HAMBURG: India is preparing to send its first woman as member of the International Tribunal of the Law for the Sea (ITLOS), the top body to rule on issues relating to a crucial international law where India has growing stakes.
Neeru Chadha, the first woman chief legal adviser to the ministry of external affairs, former legal adviser to the Indian UN mission, and an acknowledged expert in maritime law, international arbitration and on UN Convention on the Law of the Sea (UNCLOS), is India’s candidate for the elections scheduled to happen on June 14. If elected, she would be the first Indian woman in a top UN position after Vijaya Lakshmi Pandit.
India was actually confronted with an unusual choice in its presence at important international forums. The election to the ITLOS conflicts with the election to the Commission on Limits of Continental Shelf (CLCS), another important UN body.
Both elections would be conducted by the same group, and are related in several ways. While CLCS takes in experts in ocean sciences and hydrography, ITLOS needs an experienced legal brain. India chose to contest the election to ITLOS over CLCS.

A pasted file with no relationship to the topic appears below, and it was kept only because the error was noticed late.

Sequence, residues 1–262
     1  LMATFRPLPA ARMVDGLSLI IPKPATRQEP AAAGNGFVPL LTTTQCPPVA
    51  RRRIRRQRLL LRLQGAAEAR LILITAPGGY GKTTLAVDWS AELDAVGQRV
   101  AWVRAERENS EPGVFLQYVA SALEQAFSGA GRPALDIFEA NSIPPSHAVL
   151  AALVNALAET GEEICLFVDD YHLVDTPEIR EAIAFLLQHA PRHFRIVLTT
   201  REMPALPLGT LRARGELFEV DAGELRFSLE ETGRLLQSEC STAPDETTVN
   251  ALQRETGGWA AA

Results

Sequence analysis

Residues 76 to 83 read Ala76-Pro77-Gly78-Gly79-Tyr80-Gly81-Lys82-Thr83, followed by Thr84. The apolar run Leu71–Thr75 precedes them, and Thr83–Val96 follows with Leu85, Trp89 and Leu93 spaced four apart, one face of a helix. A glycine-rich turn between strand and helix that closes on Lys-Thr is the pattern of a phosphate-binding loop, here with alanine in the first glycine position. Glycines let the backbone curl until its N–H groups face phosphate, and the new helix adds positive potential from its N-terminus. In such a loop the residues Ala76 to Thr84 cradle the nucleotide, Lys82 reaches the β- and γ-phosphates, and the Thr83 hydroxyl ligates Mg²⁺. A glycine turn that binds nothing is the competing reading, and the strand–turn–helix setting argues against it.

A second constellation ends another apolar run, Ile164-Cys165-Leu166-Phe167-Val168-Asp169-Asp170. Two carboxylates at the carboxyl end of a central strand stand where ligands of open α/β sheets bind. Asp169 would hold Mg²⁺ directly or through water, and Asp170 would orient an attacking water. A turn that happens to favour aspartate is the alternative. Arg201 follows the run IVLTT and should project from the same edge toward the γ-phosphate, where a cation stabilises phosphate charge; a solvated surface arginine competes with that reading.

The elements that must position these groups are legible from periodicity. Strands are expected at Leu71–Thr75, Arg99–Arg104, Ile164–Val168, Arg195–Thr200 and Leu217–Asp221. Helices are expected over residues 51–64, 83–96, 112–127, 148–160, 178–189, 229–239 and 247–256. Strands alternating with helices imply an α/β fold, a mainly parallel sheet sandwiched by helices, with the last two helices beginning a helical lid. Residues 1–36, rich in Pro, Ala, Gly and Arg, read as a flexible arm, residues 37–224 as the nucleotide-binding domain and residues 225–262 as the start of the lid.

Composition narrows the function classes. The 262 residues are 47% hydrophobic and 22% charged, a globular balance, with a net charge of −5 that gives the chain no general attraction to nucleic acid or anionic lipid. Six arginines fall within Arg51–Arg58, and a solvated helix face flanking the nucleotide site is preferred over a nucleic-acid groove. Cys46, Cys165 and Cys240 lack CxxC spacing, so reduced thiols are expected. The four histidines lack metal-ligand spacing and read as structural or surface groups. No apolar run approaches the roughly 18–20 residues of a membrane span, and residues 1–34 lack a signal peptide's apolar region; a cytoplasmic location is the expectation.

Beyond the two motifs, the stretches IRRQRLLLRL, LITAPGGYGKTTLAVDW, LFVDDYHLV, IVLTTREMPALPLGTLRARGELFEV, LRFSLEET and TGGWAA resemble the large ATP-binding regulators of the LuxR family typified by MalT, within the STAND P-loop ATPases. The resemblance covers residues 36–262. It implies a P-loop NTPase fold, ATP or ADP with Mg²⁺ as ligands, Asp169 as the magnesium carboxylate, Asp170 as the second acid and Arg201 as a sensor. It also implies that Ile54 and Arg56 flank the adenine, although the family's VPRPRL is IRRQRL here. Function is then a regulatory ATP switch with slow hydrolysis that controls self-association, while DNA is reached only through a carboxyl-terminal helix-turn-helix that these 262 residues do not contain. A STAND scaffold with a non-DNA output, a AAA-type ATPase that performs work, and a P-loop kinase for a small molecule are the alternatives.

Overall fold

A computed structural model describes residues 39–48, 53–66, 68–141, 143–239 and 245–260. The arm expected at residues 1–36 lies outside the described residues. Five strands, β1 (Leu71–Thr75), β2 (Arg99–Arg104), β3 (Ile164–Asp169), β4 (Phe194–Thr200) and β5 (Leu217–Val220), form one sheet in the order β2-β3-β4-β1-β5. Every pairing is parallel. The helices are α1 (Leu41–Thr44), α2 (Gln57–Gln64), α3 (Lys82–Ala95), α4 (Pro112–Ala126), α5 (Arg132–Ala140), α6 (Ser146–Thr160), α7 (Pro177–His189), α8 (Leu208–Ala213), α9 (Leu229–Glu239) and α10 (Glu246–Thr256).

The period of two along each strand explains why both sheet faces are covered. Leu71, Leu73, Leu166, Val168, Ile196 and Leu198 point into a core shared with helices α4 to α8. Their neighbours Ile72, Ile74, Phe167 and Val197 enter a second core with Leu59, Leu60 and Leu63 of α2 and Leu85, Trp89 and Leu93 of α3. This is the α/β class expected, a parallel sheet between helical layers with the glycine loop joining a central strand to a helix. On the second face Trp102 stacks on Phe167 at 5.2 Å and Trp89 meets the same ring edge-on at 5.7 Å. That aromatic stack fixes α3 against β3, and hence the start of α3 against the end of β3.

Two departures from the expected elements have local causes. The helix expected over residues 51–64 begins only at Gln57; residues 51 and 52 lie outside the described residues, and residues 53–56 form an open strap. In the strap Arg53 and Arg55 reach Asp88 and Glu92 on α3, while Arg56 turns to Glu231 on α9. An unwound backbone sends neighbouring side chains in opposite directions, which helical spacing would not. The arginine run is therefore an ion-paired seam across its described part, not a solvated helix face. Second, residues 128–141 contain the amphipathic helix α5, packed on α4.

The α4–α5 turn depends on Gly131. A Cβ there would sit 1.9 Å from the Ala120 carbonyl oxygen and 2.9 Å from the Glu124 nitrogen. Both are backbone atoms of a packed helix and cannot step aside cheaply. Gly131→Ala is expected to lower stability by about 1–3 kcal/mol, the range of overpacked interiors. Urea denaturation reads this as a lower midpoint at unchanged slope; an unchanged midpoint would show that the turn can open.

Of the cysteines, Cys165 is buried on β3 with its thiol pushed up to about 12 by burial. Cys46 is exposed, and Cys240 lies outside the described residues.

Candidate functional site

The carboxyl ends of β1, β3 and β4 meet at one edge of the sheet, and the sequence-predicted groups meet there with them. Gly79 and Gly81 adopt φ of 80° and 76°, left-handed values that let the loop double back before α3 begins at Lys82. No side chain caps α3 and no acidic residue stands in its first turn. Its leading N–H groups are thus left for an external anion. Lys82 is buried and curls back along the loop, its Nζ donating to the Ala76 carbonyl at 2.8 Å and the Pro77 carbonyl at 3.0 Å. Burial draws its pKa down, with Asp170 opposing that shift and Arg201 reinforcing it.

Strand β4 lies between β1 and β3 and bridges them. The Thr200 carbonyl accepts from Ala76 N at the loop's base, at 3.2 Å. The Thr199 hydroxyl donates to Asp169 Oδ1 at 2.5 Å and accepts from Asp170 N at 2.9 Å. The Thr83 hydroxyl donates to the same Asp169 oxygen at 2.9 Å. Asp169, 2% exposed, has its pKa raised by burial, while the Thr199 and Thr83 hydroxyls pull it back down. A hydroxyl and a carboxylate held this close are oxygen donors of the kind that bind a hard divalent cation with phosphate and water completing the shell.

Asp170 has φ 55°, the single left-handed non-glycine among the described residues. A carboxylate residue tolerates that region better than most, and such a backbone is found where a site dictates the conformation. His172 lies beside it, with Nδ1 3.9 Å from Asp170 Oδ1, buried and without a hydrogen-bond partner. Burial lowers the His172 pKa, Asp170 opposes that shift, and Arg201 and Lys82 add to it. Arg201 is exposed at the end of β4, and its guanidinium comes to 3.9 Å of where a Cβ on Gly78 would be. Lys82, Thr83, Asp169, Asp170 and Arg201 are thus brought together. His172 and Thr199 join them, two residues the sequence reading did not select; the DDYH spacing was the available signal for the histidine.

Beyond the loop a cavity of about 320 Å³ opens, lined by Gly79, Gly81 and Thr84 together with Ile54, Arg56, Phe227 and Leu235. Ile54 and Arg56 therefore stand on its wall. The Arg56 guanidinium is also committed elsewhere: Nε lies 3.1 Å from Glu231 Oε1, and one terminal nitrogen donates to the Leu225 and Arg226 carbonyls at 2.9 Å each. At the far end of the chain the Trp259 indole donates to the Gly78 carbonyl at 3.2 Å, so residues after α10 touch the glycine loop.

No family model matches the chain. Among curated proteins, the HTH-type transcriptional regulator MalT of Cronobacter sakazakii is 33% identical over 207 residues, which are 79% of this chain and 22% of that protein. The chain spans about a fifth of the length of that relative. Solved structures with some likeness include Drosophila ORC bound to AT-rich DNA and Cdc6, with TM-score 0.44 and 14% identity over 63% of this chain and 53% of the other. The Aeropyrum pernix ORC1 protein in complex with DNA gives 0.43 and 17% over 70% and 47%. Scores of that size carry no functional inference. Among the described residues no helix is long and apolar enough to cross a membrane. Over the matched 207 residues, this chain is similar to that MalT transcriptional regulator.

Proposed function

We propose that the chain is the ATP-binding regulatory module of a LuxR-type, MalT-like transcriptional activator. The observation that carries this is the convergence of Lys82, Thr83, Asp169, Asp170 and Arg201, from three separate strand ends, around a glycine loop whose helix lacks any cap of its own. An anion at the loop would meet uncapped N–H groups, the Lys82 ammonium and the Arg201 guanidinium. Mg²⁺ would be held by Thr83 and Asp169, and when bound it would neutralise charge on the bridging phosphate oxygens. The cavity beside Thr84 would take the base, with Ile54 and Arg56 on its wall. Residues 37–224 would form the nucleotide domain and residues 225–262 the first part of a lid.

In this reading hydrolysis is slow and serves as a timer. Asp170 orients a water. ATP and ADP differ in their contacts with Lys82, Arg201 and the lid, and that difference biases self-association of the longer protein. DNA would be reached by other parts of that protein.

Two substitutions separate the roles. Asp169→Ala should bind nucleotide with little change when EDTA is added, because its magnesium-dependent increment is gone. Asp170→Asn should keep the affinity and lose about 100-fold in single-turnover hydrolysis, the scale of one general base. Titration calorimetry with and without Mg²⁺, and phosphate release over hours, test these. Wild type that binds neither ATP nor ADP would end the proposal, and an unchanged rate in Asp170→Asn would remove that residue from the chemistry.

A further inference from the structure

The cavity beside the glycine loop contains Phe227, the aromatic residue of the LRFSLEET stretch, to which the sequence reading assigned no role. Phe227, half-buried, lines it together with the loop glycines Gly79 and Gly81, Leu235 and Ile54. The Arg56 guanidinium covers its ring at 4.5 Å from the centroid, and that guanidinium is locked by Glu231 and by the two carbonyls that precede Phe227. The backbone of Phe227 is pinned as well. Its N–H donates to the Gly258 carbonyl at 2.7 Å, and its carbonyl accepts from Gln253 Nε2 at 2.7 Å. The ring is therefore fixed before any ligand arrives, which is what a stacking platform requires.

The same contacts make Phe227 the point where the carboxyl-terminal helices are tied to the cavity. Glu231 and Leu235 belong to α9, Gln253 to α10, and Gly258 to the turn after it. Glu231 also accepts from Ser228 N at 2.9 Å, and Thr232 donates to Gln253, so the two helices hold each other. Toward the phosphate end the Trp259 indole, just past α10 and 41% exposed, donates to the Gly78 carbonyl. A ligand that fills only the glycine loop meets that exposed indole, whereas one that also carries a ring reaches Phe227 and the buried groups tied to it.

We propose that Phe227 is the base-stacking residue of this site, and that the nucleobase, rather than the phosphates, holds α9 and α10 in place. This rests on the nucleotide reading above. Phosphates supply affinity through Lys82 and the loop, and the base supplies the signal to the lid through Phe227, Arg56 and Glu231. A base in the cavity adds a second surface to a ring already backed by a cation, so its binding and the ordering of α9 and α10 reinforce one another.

India has been a member of CLCS, but the government has blotted its copybook with some poor behaviour.
The UN notice for the CLCS election this year contains two provisions that can be directly attributed to India’s poor behaviour.
First, the UN has specified that the expenses for CLCS members will have to be borne by the states themselves. Second, it has asked states to commit that members would serve in the commission for at least three months at a stretch.
The Indian government typically took ages to clear expenses for the officials who served in the previous CLCS. So Indian officials asked the UN for money to pay for their travel and stay. The UN then came under criticism from poorer countries who rightly claimed that India, as one of the top world economies, should not get UN assistance by diverting money that should rightly go to them. It was a blow for India’s image internationally. Second, India’s representatives were just not present long enough. The revised UN rules are a direct result of Indian conduct.
Internally, the Indian decision has led to some amount of heartburn between two ministries in the government: the MEA and the ministry of earth sciences. The internecine conflict holds important lessons for India as it moves to take a bigger place for itself in the area of international governance.
ITLOS not only rules on issues of UNCLOS, international seabed, but essentially on all laws concerning oceans. Based in Hamburg, its ruling is binding on all 167 member countries that are signatories. In CLCS, Indian members would have to recuse themselves when hearings concern India, unlike, say in the ICJ or the permanent court of arbitration.